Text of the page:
The multiple-choice section, or Section I of the exam, is 60 minutes long and has 55 questions, and it counts for 45% of your overall exam grade.
Example: These questions ask you to infer something—a character or narrator’s opinion, an author’s intention, and so forth—based on what is said in the passage.
It will be something that isn’t stated directly or concretely, but that you can assume based on what is stated clearly in the passage.
The meaning of figurative language phrases can normally be determined by the phrase’s context in the passage—what is said around it? Example 1: Identifying Example 2: Interpreting These questions involve identifying why an author does what they do: from using a particular phrase to repeating certain words.
Basically, what techniques is the author using to construct the passage/poem and to what effect?
If you're planning to take the AP English Literature and Composition exam, you'll need to get familiar with what to expect from the test.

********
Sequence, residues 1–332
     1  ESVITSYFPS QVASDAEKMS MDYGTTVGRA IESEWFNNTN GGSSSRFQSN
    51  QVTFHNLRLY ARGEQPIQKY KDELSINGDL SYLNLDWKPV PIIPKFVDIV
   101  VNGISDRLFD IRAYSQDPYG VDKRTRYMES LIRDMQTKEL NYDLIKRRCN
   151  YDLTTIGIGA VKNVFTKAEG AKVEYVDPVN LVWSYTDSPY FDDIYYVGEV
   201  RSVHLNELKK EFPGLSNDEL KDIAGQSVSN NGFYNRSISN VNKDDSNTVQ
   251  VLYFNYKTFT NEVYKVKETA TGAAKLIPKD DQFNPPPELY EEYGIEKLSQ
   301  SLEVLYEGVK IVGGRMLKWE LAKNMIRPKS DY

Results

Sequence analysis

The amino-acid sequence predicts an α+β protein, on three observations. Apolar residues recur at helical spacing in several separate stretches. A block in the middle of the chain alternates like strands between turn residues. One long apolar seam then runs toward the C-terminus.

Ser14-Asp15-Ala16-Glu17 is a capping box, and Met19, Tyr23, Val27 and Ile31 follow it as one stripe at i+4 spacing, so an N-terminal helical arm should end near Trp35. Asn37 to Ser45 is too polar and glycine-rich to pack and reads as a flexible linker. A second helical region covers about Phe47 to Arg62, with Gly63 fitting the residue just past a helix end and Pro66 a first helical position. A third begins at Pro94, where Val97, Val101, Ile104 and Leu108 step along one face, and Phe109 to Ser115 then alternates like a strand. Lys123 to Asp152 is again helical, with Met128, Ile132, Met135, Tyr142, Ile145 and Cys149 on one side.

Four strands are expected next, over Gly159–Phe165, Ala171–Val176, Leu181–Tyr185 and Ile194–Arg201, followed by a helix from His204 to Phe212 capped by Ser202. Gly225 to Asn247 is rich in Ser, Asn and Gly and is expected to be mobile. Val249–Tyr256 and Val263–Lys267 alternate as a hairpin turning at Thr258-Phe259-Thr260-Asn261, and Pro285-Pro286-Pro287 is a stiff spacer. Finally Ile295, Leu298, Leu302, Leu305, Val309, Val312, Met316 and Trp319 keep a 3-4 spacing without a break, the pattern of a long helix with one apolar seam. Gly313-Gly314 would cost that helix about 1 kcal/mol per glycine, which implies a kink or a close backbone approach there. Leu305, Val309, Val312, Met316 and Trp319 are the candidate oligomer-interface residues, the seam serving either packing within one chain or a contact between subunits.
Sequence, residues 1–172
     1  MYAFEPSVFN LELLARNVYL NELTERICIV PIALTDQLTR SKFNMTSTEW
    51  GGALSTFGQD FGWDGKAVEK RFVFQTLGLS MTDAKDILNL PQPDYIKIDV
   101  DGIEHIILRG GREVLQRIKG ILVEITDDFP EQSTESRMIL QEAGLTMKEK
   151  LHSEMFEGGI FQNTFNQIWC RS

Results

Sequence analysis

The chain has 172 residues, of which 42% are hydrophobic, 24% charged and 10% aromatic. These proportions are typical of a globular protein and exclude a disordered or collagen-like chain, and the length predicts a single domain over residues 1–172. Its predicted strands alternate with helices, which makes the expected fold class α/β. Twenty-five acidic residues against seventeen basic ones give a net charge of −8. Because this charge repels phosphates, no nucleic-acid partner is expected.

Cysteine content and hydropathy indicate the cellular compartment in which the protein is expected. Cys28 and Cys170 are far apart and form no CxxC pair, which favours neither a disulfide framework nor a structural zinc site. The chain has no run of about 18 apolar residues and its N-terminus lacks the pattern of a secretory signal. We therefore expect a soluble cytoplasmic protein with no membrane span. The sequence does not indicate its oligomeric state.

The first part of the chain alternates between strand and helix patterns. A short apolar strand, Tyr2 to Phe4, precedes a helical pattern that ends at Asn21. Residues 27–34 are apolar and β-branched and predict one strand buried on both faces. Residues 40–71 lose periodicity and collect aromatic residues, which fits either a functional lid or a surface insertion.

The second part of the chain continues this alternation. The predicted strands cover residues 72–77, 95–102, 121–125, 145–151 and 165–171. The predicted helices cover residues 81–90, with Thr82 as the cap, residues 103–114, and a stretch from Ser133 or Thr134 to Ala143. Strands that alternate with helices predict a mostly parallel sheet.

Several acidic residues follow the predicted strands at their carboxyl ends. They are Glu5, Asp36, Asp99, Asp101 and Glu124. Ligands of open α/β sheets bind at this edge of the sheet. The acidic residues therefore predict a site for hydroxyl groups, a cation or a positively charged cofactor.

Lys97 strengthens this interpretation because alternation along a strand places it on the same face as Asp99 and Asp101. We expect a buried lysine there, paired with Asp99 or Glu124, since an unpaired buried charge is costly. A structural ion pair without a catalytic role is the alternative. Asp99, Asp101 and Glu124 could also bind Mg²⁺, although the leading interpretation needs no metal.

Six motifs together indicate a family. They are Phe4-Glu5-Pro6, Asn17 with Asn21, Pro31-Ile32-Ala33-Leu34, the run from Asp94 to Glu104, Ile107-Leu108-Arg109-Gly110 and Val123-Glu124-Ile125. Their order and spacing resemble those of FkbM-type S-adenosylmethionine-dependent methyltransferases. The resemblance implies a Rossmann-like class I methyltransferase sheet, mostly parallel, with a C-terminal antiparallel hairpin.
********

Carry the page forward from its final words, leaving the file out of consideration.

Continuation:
Whether the 2020 test date of Wednesday, May 6 is near or far, I’m here to help you get serious about preparing for the exam.They don’t require you to do a lot of interpretation—you just need to know what is actually going on.You can identify these from words and phrases like “according to,” “asserting,” “mentioned,” and so on.Example: These questions will ask you to describe something about a character.You can spot them because they will refer directly to characters’ attitudes, opinions, beliefs, or relationships with other characters.You can identify these questions from words like “infer,” and “imply.” The key to these questions is to not be tripped up by the fact that you are making an inference—there will be a best answer, and it will be the choice that is best supported by what is actually found in the passage.In many ways, inference questions are like second-level reading comprehension questions—you need to know not just what a passage says, but what it means.In this guide I’ll go over the test's format and question types, how it's graded, best practices for preparation, and test day tips.You’ll be on your way to AP English Lit success in no time!Example: Some questions will ask you to identify or describe something about the passage/poem as a whole: its purpose, tone, genre, etc.You can identify these by phrases like “in the passage,” and “as a whole.” To answer these questions, you need to think about the excerpt with a bird’s-eye view.